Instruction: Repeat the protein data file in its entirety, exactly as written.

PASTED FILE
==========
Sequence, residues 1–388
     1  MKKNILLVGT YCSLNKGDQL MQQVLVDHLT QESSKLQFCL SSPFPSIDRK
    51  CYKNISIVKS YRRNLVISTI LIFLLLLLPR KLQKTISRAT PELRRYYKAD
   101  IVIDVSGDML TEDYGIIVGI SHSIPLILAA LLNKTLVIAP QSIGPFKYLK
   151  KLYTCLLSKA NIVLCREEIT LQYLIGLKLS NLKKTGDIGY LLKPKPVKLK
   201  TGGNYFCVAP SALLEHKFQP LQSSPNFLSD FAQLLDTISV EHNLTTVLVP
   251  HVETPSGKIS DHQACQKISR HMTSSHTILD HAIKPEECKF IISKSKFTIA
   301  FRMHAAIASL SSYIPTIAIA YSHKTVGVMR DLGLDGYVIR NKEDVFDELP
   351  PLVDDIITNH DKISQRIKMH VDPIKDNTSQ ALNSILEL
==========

Sequence, residues 1–388
     1  MKKNILLVGT YCSLNKGDQL MQQVLVDHLT QESSKLQFCL SSPFPSIDRK
    51  CYKNISIVKS YRRNLVISTI LIFLLLLLPR KLQKTISRAT PELRRYYKAD
   101  IVIDVSGDML TEDYGIIVGI SHSIPLILAA LLNKTLVIAP QSIGPFKYLK
   151  KLYTCLLSKA NIVLCREEIT LQYLIGLKLS NLKKTGDIGY LLKPKPVKLK
   201  TGGNYFCVAP SALLEHKFQP LQSSPNFLSD FAQLLDTISV EHNLTTVLVP
   251  HVETPSGKIS DHQACQKISR HMTSSHTILD HAIKPEECKF IISKSKFTIA
   301  FRMHAAIASL SSYIPTIAIA YSHKTVGVMR DLGLDGYVIR NKEDVFDELP
   351  PLVDDIITNH DKISQRIKMH VDPIKDNTSQ ALNSILEL